Good morning Lily,
In general, I recommend my First Time Buyer clients avoid short sales and foreclosure (bank-owned or REO) properties. The home buying experience is challenging enough on a regular home purchase. These special category homes---short sales and REO's---bring so much extra stress and worry to the process that ultimately it's not worth it. And I've found my clients who see these things through just don't get the "deals" on price they thought they were getting. What good is all the worry and anxiety if you don't get the value you expected?
A short sale is a different kind of transaction than the normal real estate purchase. You are essentially going to wait while the Seller negotiates with their Lender(s) for approval to sell you the house at a price lower than what is owed to the Lender(s). This process can be lengthy, even stretching out to many months before you have a final answer.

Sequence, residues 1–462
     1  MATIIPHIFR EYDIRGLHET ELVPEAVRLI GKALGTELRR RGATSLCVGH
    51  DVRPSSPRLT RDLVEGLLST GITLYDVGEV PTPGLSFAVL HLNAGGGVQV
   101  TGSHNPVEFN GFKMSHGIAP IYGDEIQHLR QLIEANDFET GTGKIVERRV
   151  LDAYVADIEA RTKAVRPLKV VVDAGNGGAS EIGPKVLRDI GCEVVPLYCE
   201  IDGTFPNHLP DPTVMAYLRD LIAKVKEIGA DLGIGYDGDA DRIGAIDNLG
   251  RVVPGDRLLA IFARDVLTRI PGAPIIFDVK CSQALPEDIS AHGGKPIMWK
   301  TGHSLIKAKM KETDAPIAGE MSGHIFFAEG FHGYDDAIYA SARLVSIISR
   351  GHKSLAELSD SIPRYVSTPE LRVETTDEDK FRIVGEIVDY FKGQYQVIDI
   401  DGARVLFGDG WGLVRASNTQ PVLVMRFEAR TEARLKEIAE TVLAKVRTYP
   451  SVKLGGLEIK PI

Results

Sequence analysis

You'll need two things during that time:
1. Patience. While you've submitted all your documents to your Lender for your mortgage approval, and you keep your documents current and updated, you'll grow frustrated with the lack of any communication from the Seller about the status of the short sale. This is common, both the poor communication and the Buyer's frustration. Prepare for it.
2. Maintain your credit scores. Be sure not to make any dramatic changes to your credit report that could affect your credit scores. Pay all bills on time. Don't CLOSE any accounts. Don't open any new accounts. Don't run up your outstanding balances to max your revolving debt.
Once the short sale is approved, you may find the price you offered is not acceptable to the Seller's Lender. They may come back and counter-offer your price, so you will have to reconsider at that time if you wish to pay more than your original offered price.
The three rules of real estate: Location, Location, Location.
The three rules of short sales: Patience, Patience, Patience.
I hope that helps!